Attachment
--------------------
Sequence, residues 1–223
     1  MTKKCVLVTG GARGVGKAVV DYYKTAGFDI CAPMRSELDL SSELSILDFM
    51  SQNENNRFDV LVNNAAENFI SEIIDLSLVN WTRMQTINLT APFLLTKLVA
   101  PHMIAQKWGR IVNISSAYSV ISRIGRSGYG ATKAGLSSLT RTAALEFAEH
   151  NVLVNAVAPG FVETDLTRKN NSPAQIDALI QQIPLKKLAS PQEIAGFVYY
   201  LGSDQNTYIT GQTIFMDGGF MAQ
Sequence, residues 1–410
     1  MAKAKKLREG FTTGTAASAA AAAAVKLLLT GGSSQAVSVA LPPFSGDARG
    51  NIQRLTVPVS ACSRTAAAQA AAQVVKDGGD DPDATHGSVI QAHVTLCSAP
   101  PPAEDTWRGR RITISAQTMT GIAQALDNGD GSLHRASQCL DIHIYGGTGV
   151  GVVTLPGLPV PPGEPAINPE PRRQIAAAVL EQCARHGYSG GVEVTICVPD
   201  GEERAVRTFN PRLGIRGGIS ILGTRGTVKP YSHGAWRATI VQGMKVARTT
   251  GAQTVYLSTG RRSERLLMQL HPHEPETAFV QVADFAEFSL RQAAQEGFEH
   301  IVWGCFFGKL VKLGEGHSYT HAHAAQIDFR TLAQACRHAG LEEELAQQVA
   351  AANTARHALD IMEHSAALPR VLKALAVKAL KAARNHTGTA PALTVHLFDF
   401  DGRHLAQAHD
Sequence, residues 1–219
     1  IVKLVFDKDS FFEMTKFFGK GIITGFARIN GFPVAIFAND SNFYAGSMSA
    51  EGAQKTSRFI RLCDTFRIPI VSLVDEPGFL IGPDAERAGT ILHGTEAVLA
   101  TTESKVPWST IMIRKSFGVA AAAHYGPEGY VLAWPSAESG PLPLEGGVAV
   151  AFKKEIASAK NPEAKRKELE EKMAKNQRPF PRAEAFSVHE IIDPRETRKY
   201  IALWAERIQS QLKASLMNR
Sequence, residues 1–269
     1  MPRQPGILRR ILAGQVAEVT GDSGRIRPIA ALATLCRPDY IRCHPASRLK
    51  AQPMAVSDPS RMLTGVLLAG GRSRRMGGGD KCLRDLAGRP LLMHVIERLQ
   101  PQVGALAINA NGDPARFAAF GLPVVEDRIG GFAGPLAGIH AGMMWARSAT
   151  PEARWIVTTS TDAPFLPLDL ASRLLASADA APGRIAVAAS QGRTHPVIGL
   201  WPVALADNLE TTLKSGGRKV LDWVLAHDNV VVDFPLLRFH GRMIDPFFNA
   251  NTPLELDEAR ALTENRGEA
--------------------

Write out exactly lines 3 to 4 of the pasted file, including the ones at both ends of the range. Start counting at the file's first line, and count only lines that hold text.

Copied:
    51  SQNENNRFDV LVNNAAENFI SEIIDLSLVN WTRMQTINLT APFLLTKLVA
   101  PHMIAQKWGR IVNISSAYSV ISRIGRSGYG ATKAGLSSLT RTAALEFAEH